WIPO Arbitration and Mediation Center
ADMINISTRATIVE PANEL DECISION
The Boston Consulting Group, Inc v. Freedman Alexander
Case No. D2012-1061
1. The Parties
The Complainant is The Boston Consulting Group, Inc of Boston, Massachusetts, United States of America, represented by Wiley Rein LLP, United States of America.
The Respondent is Freedman Alexander of Moscow, Russian Federation.
2. The Domain Name and Registrar
The disputed domain name <bcgcorp.org> is registered with UK2 Group Ltd.
3. Procedural History
The Complaint was filed with the WIPO Arbitration and Mediation Center (the “Center”) on May 18, 2012. On May 21, 2012, the Center transmitted by email to UK2 Group Ltd. a request for registrar verification in connection with the disputed domain name. On the same date, UK2 Group Ltd. transmitted by email to the Center its verification response confirming that the Respondent is listed as the registrant and providing the contact details. In such communication, UK2 Group Ltd. informed the Center that the disputed domain name was currently suspended for fraud. On May 25, 2012, the Center requested UK2 Group Ltd. to confirm the meaning and scope of “suspension for fraud”. On the same date, UK2 Group Ltd. informed the Center that they had updated the disputed domain name to have the registrar lock applied and removed the suspension to avoid the status.
The Center verified that the Complaint satisfied the formal requirements of the Uniform Domain Name Dispute Resolution Policy (the “Policy” or “UDRP”), the Rules for Uniform Domain Name Dispute Resolution Policy (the “Rules”), and the WIPO Supplemental Rules for Uniform Domain Name Dispute Resolution Policy (the “Supplemental Rules”).
In accordance with the Rules, paragraphs 2(a) and 4(a), the Center formally notified the Respondent of the Complaint, and the proceedings commenced on May 31, 2012. In accordance with the Rules, paragraph 5(a), the due date for Response was June 20, 2012. The Respondent did not submit any response. Accordingly, the Center notified the Respondent’s default on June 22, 2012.
The Center appointed Jane Lambert as the sole panelist in this matter on July 10, 2012. The Panel finds that it was properly constituted. The Panel has submitted the Statement of Acceptance and Declaration of Impartiality and Independence, as required by the Center to ensure compliance with the Rules, paragraph 7.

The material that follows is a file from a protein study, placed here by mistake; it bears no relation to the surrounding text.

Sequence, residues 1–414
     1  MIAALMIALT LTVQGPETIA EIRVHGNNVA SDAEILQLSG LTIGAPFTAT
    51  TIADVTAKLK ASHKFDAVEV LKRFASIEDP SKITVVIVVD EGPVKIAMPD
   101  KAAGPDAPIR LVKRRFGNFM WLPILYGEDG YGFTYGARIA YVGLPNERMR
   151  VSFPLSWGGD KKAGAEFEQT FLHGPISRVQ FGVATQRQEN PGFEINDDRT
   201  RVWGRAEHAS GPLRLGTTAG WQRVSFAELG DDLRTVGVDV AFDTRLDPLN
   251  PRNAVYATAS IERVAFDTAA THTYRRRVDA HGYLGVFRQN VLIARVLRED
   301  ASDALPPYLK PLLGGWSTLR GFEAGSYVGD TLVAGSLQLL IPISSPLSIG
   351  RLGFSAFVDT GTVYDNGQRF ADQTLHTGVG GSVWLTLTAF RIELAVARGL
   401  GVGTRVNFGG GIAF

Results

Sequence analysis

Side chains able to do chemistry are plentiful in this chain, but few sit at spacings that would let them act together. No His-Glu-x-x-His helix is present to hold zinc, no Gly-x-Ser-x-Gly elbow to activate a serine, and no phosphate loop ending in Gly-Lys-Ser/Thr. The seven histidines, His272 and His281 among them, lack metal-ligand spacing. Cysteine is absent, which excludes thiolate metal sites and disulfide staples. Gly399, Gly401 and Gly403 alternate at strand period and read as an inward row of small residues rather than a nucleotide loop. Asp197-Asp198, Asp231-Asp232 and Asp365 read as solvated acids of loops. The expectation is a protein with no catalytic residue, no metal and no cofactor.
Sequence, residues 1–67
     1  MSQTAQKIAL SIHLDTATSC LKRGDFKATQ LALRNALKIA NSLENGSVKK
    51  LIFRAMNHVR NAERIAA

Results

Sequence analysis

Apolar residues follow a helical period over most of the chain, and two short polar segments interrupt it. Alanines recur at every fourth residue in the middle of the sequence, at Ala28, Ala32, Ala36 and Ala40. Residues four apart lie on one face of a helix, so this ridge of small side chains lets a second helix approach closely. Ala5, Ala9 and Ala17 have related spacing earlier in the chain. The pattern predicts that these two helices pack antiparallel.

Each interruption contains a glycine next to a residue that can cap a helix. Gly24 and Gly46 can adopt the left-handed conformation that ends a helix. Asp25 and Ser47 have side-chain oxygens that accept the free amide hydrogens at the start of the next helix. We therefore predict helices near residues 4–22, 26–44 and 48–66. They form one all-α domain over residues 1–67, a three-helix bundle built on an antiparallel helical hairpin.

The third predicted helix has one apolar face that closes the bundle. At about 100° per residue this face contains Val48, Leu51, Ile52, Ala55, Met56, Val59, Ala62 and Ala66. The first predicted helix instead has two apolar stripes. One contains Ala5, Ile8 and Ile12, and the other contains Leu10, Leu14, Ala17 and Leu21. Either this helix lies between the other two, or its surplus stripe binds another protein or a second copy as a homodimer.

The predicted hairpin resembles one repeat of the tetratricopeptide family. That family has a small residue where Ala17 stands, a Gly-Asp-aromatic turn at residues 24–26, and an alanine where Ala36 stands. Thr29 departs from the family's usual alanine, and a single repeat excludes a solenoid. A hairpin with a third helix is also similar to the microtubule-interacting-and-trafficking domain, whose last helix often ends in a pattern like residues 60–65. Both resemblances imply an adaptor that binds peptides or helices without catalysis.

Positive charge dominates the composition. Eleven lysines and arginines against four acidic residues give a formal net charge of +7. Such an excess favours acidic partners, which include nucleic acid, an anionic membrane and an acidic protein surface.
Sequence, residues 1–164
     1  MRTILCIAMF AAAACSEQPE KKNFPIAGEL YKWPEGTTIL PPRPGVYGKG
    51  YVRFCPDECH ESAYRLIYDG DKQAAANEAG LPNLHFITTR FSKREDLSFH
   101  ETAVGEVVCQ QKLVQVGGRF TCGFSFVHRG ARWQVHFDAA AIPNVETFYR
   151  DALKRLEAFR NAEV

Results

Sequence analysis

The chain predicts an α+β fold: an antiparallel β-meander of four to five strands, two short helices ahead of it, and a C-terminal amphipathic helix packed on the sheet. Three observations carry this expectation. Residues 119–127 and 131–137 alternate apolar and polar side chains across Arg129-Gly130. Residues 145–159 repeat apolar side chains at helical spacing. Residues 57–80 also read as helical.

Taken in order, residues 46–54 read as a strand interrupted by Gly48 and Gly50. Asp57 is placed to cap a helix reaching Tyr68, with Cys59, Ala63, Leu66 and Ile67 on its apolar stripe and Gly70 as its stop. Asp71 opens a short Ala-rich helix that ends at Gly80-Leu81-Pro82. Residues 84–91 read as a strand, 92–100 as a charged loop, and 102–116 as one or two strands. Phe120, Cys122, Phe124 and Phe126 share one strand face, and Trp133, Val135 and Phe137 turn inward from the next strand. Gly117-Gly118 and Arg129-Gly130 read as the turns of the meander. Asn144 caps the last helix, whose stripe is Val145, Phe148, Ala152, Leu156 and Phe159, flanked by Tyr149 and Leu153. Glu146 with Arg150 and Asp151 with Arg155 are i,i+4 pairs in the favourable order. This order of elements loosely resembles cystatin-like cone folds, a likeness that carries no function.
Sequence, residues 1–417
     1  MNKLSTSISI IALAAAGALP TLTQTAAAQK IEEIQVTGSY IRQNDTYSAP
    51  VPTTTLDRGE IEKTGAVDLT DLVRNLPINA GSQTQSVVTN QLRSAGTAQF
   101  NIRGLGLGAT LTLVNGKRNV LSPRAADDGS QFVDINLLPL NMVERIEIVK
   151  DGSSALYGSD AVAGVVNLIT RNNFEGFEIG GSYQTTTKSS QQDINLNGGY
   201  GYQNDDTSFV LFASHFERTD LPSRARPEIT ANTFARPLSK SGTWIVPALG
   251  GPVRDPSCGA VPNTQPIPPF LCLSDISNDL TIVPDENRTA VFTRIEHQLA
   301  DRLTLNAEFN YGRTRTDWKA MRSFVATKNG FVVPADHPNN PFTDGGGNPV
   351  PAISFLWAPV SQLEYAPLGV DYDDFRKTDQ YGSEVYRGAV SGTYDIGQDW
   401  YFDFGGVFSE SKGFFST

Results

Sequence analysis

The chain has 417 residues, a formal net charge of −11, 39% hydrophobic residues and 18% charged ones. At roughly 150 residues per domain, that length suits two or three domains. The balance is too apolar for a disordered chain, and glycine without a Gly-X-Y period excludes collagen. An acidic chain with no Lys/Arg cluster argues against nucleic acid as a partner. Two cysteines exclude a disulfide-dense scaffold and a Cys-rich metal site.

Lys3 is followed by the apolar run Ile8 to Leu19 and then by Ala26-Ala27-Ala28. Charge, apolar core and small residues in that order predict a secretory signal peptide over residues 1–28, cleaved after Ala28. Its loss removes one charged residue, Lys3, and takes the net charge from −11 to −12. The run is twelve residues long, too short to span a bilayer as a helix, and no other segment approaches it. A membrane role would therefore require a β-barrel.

4. Factual Background
The Complainant is a well known management consultant and claims to be the world's leading advisor on business strategy, a leader on issues at the vanguard of management thinking and practice, such as global advantage, adaptive strategy, talent and leadership, and the digital economy. It employs more than 5,600 consultants in over 70 offices in 42 countries around the world.
The Complainant has registered the initials either “BCG” simpliciter or in combination with the suffix “.com” as trade marks in a number of countries. One of the countries in which the initials “BCG” have been registered is the United Kingdom of Great Britain and Northern Ireland. The mark is registered there for business consultancy services and management consultancy in class 35 and financial consultancy services in class 36 under registration No.1578351 with effect from January 12, 1996.
Very little is known of the Respondent other than his name and contact details.
The disputed domain name was registered on March 18, 2012, through UK2 Group Ltd. A copy of UK2 Group Ltd.’s registration agreement was attached to the Complaint. Paragraph 2.10 of that agreement incorporates the Policy by reference.
5. Parties’ Contentions
The Complainant claims the transfer of the disputed domain name on the following grounds:
(1) The disputed domain name is confusingly similar to the Complainant’s trade mark.
(2) The Respondent has no rights or legitimate interests in the disputed domain name.
(3) The disputed domain name was registered and is used in bad faith.
As to the first ground, the Complainant refers to its trade mark registrations around the world. It also claims that by virtue of its sales and marketing, the public and trade in the United States and elsewhere associate the initials “BCG” in relation to business, management and financial consultancy with the Complainant and none other. The disputed domain name differs from the registered trade mark only by the addition of the letters “corp” which are a common abbreviation for corporation and the suffix “.org”. It submits that that those differences are insufficient to distinguish the disputed domain name from the Complainant’s trade mark registrations.